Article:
Intramembrane proteolytic cleavage by human signal peptide peptidase like 3 and malaria signal peptide peptidase.

Department of Neuroscience, Mayo Clinic Jacksonville, Mayo Clinic College of Medicine, 4500 San Pablo Rd., Jacksonville, Florida 32224, USA.
The FASEB Journal (Impact Factor: 5.7). 09/2006; 20(10):1671-9. DOI: 10.1096/fj.06-5762com
Source: PubMed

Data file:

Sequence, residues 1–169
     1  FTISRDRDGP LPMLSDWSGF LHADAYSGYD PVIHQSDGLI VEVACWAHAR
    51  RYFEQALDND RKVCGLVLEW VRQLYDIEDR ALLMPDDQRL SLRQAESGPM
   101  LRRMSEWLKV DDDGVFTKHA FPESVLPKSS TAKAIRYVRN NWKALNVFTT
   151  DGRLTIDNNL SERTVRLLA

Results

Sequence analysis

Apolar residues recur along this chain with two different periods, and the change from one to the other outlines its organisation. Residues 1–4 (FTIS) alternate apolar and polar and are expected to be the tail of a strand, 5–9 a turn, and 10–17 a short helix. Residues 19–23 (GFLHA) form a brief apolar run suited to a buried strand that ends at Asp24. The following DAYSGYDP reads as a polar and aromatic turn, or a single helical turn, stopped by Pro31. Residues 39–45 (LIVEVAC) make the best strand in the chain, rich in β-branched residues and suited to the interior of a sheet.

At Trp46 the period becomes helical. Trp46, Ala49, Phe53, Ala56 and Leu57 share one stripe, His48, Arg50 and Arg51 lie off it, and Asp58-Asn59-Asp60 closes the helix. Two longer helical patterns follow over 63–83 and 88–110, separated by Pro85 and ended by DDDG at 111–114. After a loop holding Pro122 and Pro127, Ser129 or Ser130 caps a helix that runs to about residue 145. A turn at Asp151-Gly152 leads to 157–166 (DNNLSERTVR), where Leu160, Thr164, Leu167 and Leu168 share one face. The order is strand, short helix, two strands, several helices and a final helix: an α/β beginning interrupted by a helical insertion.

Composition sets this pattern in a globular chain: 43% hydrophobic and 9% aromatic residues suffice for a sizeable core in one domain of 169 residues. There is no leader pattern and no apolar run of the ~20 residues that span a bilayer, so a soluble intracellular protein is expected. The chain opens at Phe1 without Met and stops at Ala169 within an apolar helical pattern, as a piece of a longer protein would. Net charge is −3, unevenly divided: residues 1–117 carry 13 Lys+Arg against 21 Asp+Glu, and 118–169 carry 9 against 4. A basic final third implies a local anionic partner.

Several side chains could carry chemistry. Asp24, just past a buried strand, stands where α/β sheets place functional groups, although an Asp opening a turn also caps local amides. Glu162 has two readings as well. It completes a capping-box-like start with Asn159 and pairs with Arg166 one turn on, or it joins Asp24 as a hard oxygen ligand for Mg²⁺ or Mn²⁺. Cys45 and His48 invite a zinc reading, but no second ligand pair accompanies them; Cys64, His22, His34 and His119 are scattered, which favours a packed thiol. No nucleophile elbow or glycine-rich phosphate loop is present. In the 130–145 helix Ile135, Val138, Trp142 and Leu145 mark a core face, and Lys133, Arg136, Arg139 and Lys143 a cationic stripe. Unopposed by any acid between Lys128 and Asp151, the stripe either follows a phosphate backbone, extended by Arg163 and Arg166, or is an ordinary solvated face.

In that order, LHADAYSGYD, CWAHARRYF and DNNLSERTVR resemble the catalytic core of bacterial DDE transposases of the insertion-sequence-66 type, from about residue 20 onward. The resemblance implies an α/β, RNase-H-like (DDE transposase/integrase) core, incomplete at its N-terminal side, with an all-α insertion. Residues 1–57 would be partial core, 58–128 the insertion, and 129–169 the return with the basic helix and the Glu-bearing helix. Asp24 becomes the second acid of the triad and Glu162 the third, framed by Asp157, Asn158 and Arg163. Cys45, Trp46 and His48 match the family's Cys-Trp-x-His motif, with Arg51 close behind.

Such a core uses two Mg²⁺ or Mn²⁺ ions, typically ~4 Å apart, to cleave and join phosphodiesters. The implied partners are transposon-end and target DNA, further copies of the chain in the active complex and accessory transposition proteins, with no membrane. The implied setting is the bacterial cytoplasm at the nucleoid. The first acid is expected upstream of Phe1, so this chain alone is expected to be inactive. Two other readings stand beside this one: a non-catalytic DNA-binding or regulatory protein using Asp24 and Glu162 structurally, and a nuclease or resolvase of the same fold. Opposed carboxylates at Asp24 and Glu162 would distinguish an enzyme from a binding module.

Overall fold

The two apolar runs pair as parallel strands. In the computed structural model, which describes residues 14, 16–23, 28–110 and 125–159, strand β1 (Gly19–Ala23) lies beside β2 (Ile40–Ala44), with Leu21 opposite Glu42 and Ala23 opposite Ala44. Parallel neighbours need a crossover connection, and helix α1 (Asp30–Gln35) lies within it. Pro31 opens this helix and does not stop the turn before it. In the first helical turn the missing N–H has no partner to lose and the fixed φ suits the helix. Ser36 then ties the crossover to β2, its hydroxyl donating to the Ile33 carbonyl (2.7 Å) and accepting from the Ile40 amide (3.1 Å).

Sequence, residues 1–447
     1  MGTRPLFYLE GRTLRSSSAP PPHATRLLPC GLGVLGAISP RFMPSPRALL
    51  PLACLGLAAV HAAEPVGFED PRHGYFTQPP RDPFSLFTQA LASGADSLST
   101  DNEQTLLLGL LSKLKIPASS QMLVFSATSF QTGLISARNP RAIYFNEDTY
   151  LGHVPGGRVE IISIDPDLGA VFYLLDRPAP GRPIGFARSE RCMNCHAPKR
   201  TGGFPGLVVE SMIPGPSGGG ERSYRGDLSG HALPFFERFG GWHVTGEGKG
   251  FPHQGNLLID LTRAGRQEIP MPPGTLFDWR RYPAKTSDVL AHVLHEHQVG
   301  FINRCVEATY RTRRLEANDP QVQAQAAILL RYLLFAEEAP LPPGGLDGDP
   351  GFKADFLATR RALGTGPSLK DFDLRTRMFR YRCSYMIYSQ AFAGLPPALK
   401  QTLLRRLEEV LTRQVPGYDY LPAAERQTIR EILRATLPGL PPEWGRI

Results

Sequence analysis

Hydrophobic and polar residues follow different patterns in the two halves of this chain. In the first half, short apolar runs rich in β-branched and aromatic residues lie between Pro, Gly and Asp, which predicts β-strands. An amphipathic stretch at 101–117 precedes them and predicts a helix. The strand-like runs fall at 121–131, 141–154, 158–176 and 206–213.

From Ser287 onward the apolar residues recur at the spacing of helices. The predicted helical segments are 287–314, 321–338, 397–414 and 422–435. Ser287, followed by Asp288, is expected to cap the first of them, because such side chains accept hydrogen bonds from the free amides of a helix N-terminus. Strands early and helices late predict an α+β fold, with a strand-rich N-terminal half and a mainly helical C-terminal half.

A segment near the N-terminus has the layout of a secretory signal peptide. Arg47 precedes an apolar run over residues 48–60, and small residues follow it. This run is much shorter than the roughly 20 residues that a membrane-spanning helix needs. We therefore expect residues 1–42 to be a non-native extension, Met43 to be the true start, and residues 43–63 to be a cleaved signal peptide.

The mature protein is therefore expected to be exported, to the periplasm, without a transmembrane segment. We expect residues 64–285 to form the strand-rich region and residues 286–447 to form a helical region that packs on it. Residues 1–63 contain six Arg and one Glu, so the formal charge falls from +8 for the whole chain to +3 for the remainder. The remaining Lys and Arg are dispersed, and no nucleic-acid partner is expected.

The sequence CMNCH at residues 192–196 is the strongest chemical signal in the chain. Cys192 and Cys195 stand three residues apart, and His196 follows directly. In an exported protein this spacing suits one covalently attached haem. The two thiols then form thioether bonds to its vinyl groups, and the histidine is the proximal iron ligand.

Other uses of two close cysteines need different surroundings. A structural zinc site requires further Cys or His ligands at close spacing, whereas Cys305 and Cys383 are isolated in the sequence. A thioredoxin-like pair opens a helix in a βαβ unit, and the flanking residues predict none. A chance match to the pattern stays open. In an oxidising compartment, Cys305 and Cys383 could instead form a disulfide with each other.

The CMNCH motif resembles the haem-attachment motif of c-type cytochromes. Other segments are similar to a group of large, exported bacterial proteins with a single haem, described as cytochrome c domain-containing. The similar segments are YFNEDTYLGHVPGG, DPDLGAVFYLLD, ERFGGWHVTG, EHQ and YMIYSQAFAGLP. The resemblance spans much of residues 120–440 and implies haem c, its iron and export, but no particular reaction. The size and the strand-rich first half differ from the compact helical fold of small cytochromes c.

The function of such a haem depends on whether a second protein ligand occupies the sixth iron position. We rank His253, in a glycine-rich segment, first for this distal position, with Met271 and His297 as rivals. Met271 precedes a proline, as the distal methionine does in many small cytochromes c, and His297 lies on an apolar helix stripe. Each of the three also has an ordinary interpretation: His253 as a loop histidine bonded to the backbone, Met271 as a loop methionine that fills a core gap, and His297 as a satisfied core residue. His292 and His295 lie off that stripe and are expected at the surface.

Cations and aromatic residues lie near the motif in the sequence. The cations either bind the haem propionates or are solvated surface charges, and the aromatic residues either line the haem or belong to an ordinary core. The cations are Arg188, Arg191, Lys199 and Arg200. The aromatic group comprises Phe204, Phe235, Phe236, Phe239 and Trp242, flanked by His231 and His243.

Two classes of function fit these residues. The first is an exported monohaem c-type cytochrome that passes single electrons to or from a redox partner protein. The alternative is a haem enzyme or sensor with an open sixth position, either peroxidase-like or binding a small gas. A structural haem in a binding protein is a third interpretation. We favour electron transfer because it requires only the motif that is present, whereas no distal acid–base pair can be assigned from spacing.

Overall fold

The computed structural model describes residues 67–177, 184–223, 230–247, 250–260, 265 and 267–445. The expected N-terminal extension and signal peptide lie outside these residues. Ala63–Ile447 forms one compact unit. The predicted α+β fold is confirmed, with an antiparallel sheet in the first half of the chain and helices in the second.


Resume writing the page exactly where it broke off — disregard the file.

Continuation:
ABSTRACT Signal peptide peptidase (SPP) is an intramembrane cleaving protease (I-CLiP) identified by its cleavage of several type II membrane signal peptides. To date, only human SPP has been directly shown to have proteolytic activity. Here we demonstrate that the most closely related human homologue of SPP, signal peptide peptidase like 3 (SPPL3), cleaves a SPP substrate, but a more distantly related homologue, signal peptide peptidase like 2b (SPPL2b), does not. These data provide strong evidence that the SPP and SPPL3 have conserved active sites and suggest that the active sites SPPL2b is distinct. We have also synthesized a cDNA designed to express the single SPP gene present in Plasmodium falciparum and cloned this into a mammalian expression vector. When the malaria SPP protein is expressed in mammalian cells it cleaves a SPP substrate. Notably, several human SPP inhibitors block the proteolytic activity of malarial SPP (mSPP). Studies from several model organisms that express multiple SPP homologs demonstrate that the silencing of a single SPP homologue is lethal. Based on these data, we hypothesize that mSPP is a potential a novel therapeutic target for malaria.

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